Inequality & Well-being

Sociologists at WSU are centrally concerned with the causes and consequences of opportunity and equity. Whether in the context of family, work, school, or the criminal justice system, expert scholars in the department study structured and recurrent patterns of unequal distributions of goods, wealth, opportunities, rewards and punishments, the mechanisms through which these patterns arise, and the consequences for individuals, communities, and society.

Examples of Faculty Research

Gender in the Workplace

Her research contributes insights into racial and gender equity across various organizational settings. Her recent research explores how work organizations perpetuate inequality. She has studied  the ways employers support efforts to promote diversity initiatives, and how their efforts are shaped by the features of racialized organizations. She also studies the interplay between organizational context, gender beliefs, and responses to sexual harassment as well as the organizational characteristics related to gendered leadership in non-profits.  Most recently, she has worked with collaborators to understand the publics’ impression of university DEI efforts. 

Understanding women’s under-representation in engineering in the U.S. is a national priority. Julie Kmec has worked on a collaborative NSF-funded project to look at countries where women’s STEM representation is relatively high— Jordan, Malaysia, Tunisia, and Saudi Arabia—to identify how cultural, social, political, economic factors shape women’s STEM participation.

Rural Poverty and Inequality

Poverty, economic decline, and inequality are increasing concerns in the rural United States. Jennifer Sherman examines the impact of job loss, underemployment, and poverty on rural U.S. families and communities. Her work illustrates the ways in which moral boundaries, stigma, and shame shape survival in rural settings. She has studied the impacts of rural poverty and inequality on adults’ decisions regarding pursuing and accepting aid, as well as family relationships and gender norms. She has also examined the impacts of amenity-tourism and related in-migration on poverty and inequality in the rural West, focusing on issues including social divisions and changing meanings of community, rural gentrification, and housing shortages. Currently, she is studying the drivers and impacts of rural jail incarceration, and its intersections with poverty, social inequality, and the structural challenges faced by rural communities.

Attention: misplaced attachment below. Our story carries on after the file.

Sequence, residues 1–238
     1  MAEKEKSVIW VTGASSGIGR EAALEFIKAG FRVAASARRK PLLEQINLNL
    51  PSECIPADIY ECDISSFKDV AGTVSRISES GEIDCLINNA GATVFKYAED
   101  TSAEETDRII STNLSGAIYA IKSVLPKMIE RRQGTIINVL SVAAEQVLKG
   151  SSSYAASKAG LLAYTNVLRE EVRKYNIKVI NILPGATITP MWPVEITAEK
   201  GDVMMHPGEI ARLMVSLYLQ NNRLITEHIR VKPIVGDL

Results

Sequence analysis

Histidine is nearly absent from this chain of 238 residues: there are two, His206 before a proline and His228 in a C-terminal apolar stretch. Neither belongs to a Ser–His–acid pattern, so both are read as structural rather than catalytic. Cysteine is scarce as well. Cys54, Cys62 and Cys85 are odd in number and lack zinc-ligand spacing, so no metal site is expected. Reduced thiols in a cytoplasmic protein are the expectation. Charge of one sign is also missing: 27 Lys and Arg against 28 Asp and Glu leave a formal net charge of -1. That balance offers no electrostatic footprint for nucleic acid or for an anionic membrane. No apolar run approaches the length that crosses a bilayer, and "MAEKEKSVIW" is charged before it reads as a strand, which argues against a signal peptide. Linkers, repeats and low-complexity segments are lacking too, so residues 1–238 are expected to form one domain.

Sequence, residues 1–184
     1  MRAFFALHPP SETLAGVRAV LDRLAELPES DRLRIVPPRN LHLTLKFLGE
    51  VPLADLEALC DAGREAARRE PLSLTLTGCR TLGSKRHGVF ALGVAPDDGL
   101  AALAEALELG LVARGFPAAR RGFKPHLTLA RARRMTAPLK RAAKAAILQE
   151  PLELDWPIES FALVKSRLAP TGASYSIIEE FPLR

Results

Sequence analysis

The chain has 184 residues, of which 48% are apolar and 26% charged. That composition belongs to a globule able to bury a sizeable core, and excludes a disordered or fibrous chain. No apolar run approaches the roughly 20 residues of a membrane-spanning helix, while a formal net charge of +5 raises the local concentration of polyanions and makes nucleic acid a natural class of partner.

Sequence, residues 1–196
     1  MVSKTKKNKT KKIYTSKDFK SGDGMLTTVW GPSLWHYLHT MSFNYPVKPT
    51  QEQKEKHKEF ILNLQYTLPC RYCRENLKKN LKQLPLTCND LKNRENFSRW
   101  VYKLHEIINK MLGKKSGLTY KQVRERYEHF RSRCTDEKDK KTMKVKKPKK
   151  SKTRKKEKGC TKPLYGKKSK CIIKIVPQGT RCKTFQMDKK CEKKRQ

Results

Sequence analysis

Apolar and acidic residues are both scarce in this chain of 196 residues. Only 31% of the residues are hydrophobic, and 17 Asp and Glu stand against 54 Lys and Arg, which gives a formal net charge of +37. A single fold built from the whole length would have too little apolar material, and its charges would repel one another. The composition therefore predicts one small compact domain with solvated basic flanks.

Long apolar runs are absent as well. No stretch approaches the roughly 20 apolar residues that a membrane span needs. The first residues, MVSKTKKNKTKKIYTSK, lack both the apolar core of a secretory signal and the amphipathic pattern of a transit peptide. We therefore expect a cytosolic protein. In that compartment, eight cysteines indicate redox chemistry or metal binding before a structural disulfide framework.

The Transition to Adulthood in Uncertain Times

Changes in the economy, higher education, and family life have fundamentally altered the opportunities and constraints young people face in becoming adults. Monica Kirkpatrick Johnson studies changing educational and employment opportunities for teenagers and young adults. She explores how social psychological resources and orientations are differentially developed based on unequal early life circumstances and the role these play in helping young people maintain their health and well-being and navigate successfully into adulthood. She has studied early work experience and family financial support and their effects on goals, health, and well-being.

Health and Social Networks

Health outcomes are closely tied with the composition of social networks. Thomas Rotolo has used social network analysis to explore how social and economic support networks link to security and resilience in Eastern Africa. His collaborators include faculty and students from anthropology, economics, and the WSU School of Global Health.

Health and Mortality Disparities

WSU sociology faculty are engaged in multiple projects focused on understanding how families and communities shape health and mortality disparities. For example:

Anna Zamora-Kapoor uses sociological tools to understand the social determinants of health and health disparities. She has applied her analytical skills to study the unique conditions of minority populations suffering a disproportionate burden of disease, such as American Indians, Alaska Natives, and Hispanic Americans. She works on grants committed to not just understanding health disparities but also testing interventions with the potential to improve health outcomes in the most underserved populations. More recently, she is leveraging artificial intelligence and machine learning to improve cancer screenings in a rural community. She funds at least one graduate student every summer and has previously collaborated with students in peer-reviewed publications and book chapters.

Justin Denney studies how the social and economic characteristics of people and places impact a variety of health and well-being outcomes, such as food insecurity, mental and physical health, and mortality. He is the William Julius Wilson Distinguished Professor of Sociology, and through the WJW Summer Health Equity Fellowship, graduate students have worked alongside him to produce published manuscripts focused on the social determinants of health disparities.